One of the prosecution lawyers, Mustafa Khater, confronted Moussa on the stand, saying that in early questioning by prosecutors he testified that el-Adly himself gave the order to use live ammunition and that it had been used against protesters in front of the ruling party headquarters.
Visibly angry, Khater said Moussa had said in his affadavit that el-Adly's Interior Ministry deployed a special force armed with automatic weapons under orders to use “any means” to crush protests.
“I have no answer,” Moussa replied simply to Khater.
Prosecutors then tried to chip at the credibility of their own witness, getting him to admit that he had been sentenced to two years in prison for “damaging evidence and records.” Moussa was handed the sentence for deleting audio records of el-Adly's conversations with top aides, a security official told AP.
Damaty, the lawyer for victims’ families, accused Moussa of “twisting the truth.”
“It was clear that the defendants have put pressure on him and that he changed his testimony,” he said.
Two other police officers who testified later in the session echoed a similar line as Moussa. They said there were no orders to kill the protesters, instead, “the orders were to open fire in the air or at their legs,” Capt. Bassem Hassan, according to Eid's tweets.
Eid accused the prosecution of “cheating the Egyptian people” by bringing in witnesses who will “acquit the killers instead of proving them guilty.”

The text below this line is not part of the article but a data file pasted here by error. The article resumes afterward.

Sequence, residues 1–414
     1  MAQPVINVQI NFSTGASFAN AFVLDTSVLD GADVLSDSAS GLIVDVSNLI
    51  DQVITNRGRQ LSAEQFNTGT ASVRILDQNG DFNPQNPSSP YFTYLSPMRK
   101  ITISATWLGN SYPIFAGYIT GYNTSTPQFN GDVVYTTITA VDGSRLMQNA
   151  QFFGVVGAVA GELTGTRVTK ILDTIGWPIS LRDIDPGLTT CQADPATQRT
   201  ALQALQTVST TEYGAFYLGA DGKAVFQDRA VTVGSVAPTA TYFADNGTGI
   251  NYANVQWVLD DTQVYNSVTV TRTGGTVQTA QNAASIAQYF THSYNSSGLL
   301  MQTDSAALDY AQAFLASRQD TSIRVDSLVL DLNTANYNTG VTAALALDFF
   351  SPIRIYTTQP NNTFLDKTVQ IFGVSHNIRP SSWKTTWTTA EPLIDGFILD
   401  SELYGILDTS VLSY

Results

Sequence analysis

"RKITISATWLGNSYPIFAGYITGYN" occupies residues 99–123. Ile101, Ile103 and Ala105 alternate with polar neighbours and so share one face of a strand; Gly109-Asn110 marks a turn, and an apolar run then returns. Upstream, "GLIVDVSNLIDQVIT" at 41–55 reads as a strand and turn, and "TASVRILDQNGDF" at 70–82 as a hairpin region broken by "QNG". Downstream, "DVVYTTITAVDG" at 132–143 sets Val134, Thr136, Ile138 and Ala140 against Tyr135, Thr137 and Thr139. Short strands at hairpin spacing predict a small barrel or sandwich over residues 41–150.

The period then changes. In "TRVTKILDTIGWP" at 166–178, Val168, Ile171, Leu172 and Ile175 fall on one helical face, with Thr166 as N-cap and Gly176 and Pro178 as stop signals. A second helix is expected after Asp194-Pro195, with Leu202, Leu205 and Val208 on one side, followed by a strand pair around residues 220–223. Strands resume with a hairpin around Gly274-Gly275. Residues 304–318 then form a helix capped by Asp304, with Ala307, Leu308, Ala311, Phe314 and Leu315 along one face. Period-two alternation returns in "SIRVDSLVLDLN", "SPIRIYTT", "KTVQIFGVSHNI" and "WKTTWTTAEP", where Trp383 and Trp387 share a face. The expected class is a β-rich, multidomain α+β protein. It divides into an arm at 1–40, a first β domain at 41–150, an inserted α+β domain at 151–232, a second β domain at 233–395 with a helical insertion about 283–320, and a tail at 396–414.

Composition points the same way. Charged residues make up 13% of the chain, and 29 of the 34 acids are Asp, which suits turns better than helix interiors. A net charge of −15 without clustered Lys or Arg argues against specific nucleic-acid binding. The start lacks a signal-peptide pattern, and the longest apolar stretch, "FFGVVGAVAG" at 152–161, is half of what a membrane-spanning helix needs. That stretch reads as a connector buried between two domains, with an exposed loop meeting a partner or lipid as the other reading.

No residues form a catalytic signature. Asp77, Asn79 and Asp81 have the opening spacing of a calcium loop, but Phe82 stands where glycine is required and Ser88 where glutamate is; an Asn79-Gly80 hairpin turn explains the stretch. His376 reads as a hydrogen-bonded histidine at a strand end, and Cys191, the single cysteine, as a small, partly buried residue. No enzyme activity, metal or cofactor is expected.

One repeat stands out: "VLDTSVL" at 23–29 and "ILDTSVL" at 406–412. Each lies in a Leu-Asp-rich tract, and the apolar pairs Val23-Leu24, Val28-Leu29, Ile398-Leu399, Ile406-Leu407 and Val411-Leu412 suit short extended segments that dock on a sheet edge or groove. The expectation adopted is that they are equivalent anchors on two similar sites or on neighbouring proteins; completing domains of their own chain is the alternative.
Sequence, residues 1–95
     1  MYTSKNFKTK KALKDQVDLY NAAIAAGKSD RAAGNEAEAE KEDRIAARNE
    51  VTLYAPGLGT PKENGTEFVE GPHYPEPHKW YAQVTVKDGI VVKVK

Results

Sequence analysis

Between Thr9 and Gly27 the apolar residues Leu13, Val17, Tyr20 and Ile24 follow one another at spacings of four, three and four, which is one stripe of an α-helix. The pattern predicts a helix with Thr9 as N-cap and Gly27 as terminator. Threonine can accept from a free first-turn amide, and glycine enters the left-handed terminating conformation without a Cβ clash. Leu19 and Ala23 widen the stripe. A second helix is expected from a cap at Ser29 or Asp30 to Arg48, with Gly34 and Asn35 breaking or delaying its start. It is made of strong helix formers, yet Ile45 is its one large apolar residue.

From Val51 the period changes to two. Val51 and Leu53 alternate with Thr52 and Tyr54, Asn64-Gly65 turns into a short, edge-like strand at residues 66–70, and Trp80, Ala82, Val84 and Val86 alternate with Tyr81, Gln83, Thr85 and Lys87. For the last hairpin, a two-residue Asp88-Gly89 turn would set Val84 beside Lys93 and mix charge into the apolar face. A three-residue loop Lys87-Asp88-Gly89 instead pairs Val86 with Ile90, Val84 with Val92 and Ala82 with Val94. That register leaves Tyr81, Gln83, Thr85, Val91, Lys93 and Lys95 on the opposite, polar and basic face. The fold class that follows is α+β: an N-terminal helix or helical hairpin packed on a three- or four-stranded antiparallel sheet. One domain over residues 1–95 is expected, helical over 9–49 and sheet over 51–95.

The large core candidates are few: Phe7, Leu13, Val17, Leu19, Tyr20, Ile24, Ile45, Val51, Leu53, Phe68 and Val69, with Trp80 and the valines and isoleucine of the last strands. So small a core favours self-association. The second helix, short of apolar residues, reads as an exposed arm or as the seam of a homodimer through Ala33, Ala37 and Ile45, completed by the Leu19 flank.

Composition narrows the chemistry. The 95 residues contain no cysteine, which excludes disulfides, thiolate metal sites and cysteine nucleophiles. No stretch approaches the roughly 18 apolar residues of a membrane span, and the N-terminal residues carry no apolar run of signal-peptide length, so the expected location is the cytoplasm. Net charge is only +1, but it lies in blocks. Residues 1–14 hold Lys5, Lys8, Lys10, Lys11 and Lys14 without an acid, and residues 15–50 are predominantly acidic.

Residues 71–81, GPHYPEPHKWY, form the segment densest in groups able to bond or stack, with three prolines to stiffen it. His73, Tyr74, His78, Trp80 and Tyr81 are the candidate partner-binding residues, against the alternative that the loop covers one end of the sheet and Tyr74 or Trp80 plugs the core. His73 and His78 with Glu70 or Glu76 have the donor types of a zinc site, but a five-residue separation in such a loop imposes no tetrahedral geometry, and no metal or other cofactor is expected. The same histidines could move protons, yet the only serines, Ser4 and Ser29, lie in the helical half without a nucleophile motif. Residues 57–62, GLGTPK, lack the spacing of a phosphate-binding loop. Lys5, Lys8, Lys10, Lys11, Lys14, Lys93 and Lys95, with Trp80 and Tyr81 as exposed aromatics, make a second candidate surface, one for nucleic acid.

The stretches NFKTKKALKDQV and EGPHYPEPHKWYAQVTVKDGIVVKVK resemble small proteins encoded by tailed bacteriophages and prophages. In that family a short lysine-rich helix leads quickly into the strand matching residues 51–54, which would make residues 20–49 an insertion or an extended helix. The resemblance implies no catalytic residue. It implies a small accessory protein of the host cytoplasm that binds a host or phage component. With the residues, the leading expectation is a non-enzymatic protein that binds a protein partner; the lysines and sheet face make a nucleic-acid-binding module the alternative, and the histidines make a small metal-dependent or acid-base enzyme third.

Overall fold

Prosecutors still have further witnesses — they have told the court they want to call in more than 1,000, though it is unclear the judge will allow that many. They appear to have ample evidence of police shootings, since there were numerous instances of security forces opening fire on various protests, including ones in which unarmed crowds moved against police stations.
But they will also need to prove a clear line of orders from el-Adly or Mubarak allowing the use of lethal force. Otherwise, their lawyers can argue that other top police officers acted independently in killing protesters.
An Egyptian legal expert Nasser Amin said he believes it was very likely Mubarak and el-Adly will get light sentences because Egyptian law justifies killings as self defense if carried out “in defense of state institutions.”
But Damaty said the prosecution will argue lethal force was not necessary to defend institutions. “We had protesters killed with shots in the head and chest,” he said. “This is the evidence that this was intentional.”